Personality and Compatibility: A Prospective Analysis of Marital Stability and Marital Satisfaction

Journal of Personality and Social Psychology (Impact Factor: 5.08). 02/1987; 52(1):27-40. DOI: 10.1037//0022-3514.52.1.27
Source: PubMed


The antecedents of marital stability (divorce or remaining married) and marital satisfaction (within the group that remains married) were investigated with a panel of 300 couples who were followed from their engagements in the 1930s until 1980. Twenty-two of the couples broke their engagements; of the 278 couples who married, 50 got divorced at some time between 1935 and 1980. Personality characteristics (measured by acquaintance ratings made in the 1930s) were important predictors of both marital stability and marital satisfaction. The three aspects of personality most strongly related to marital outcome were the neuroticism of the husband, the neuroticism of the wife, and the impulse control of the husband. In combination, the 17 major antecedent variables were moderately predictive of a criterion variable composed of both marital stability and marital satisfaction (R = .49). The three major aspects of personality accounted for more than half of the predictable variance. The remaining variance was accounted for by attitudinal, social-environment, and sexual history variables.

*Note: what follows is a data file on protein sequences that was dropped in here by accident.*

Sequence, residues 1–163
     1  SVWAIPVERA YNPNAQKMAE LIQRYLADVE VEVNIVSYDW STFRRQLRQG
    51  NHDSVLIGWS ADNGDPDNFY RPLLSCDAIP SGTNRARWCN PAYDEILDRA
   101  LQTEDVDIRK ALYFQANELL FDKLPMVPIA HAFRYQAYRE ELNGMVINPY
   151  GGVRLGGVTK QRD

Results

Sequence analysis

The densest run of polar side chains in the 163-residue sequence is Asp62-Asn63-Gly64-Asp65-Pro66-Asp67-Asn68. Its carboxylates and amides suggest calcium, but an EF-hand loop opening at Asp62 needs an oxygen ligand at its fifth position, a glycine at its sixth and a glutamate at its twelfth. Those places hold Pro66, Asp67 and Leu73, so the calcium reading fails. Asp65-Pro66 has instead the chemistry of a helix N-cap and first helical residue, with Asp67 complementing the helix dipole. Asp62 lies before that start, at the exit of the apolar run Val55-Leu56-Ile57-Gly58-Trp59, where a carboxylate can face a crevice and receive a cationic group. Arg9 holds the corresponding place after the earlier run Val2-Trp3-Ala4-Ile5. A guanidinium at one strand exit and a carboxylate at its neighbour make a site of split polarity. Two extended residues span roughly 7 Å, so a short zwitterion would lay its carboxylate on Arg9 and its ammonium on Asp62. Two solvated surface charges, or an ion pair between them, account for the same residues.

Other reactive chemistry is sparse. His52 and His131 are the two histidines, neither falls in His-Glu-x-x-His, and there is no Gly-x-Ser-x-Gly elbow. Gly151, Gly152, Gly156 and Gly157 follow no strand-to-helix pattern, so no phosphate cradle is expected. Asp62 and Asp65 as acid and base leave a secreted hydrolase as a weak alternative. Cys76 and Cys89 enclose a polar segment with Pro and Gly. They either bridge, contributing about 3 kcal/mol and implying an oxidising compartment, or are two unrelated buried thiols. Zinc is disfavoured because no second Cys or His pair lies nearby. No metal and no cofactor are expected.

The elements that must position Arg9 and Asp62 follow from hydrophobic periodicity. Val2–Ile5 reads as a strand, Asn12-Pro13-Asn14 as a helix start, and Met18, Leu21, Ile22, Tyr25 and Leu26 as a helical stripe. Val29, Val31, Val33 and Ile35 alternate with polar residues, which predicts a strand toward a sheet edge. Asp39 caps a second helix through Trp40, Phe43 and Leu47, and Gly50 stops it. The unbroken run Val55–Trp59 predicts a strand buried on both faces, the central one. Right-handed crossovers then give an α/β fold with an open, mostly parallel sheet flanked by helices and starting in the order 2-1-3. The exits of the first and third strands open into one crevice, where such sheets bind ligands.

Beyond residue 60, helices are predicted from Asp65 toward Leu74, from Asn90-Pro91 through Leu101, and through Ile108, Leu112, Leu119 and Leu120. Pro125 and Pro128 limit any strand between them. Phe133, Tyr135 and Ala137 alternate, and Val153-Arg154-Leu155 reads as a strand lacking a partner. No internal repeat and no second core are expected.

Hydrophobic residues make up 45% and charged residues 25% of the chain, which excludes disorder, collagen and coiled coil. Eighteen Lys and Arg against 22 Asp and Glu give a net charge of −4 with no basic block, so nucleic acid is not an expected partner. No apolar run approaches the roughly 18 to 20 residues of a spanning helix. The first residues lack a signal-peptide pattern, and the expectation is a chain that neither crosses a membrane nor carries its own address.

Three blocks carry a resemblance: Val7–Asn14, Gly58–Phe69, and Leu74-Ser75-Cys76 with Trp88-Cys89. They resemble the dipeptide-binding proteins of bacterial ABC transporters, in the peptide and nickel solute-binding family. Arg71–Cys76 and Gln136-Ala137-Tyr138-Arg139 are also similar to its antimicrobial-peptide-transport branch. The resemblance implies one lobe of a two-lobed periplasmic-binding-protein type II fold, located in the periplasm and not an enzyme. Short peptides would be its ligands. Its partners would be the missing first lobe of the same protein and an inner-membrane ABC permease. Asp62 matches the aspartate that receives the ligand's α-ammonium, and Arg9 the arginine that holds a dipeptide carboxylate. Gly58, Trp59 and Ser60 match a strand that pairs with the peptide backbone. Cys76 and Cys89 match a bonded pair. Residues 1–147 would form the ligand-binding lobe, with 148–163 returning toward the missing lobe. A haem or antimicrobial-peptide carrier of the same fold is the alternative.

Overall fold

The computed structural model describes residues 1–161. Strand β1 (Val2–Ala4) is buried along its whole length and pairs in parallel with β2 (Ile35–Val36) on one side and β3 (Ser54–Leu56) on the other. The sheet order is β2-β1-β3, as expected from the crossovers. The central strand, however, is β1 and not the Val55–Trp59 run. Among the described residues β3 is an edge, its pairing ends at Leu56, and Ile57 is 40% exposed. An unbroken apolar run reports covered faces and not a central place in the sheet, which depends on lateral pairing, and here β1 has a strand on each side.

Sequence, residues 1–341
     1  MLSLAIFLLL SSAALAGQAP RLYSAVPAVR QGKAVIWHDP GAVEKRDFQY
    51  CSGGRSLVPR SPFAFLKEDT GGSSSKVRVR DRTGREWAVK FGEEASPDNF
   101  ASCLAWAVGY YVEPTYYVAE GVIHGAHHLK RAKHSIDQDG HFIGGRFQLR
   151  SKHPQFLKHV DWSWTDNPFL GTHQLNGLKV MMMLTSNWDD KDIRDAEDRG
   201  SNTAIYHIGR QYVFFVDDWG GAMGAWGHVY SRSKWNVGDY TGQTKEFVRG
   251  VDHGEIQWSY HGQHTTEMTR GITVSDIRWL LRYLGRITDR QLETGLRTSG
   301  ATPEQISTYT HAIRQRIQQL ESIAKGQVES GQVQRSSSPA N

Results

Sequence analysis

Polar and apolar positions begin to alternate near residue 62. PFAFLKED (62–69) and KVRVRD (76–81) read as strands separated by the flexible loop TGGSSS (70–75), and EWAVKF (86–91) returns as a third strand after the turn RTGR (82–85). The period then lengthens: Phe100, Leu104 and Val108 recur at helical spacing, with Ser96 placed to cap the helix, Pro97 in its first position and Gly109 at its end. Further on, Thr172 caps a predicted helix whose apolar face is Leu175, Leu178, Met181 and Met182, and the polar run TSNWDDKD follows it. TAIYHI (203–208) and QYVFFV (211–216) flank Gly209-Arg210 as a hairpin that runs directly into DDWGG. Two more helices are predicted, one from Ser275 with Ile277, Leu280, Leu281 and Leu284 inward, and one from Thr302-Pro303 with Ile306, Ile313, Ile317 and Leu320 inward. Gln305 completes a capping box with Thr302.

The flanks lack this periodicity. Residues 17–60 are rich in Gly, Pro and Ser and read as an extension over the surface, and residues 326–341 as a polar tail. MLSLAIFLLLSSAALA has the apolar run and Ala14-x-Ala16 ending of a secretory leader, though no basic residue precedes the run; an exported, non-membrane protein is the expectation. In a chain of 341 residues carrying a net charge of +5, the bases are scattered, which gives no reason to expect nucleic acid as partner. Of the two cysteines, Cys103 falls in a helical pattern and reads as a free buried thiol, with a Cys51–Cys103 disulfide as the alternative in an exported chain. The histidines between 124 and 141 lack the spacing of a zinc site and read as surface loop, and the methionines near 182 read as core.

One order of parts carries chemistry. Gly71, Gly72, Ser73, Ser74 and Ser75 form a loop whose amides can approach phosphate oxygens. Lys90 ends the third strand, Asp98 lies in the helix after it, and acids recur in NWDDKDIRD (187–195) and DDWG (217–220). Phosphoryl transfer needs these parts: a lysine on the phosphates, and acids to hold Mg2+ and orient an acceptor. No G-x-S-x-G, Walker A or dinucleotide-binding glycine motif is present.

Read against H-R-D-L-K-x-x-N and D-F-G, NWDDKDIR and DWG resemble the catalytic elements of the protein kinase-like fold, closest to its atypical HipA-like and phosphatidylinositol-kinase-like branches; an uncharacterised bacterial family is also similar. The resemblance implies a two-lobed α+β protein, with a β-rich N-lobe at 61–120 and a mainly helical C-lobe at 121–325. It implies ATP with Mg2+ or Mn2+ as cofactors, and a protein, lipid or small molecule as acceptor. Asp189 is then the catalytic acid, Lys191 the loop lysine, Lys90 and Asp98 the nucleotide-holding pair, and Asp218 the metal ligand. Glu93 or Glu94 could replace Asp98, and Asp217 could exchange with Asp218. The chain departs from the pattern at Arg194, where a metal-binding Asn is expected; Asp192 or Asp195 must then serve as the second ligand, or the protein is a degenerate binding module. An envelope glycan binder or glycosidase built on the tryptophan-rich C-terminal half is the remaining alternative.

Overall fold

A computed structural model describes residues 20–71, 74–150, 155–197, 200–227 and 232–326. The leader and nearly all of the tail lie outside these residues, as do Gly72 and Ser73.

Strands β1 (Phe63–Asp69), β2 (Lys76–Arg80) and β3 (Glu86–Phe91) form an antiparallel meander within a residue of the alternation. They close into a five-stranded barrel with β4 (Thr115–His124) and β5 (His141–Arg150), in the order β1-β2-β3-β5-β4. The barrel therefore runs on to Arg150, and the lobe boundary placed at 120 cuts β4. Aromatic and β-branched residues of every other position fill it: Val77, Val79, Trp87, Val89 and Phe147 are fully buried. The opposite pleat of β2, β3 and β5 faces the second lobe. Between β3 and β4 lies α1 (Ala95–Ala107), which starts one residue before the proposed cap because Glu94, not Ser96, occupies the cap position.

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    • "Again, we note that the lack of income that once restrained unhappily married women from divorce has become weakened by their collective economic advances. Personality factors, especially neuroticism, are also associated with an elevated risk for divorce (Karney & Bradbury, 1995; Kelly & Conley, 1987). A study by Kiernan (1986) reported, for example, that neuroticism measured in adolescence predicted women's divorce by age 32. "
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    • "For example, Betzig (1989) compared 160 cultures and found that infidelity was the single most cited cause of divorce. In Western countries, it has been estimated that between 25and50%of divorcees cited a spouse's infidelity as the primary cause of the divorce (Kelly & Conley,1987). Among various threats that can jeopardize the spousal relationship, the most important one is infidelity. "

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    • "High on this list of possible theoretical mechanisms are individual differences in personality and cognitive/behavioral proclivities. Individuals who are successfully mate poached possess a variety of traits (e.g., disagreeableness, narcissism, avoidant attachment, unrestricted sociosexual orientation ; Foster et al., 2002; Jonason et al., 2010; Schachner & Shaver, 2002; Schmitt, 2005; Schmitt & Buss, 2001) that are also predictive of relationship dysfunction (Botwin, Buss, & Shackelford, 1997; Foster, Shrira, & Campbell, 2006; Jonason, Li, Webster, & Schmitt, 2009; Kelly & Conley, 1987; Kurdek, 1993; Watson, Hubbard, & Wiese, 2000). It is possible that one or more of the traits that make individuals susceptible to being poached also make them prone to thinking and behaving in ways that cause dysfunction within their relationships. "
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